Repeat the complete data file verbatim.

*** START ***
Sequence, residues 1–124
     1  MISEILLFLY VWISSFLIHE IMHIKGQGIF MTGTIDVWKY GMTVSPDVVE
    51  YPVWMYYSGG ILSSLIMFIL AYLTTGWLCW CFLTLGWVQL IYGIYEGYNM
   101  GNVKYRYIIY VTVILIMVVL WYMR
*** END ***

Sequence, residues 1–124
     1  MISEILLFLY VWISSFLIHE IMHIKGQGIF MTGTIDVWKY GMTVSPDVVE
    51  YPVWMYYSGG ILSSLIMFIL AYLTTGWLCW CFLTLGWVQL IYGIYEGYNM
   101  GNVKYRYIIY VTVILIMVVL WYMR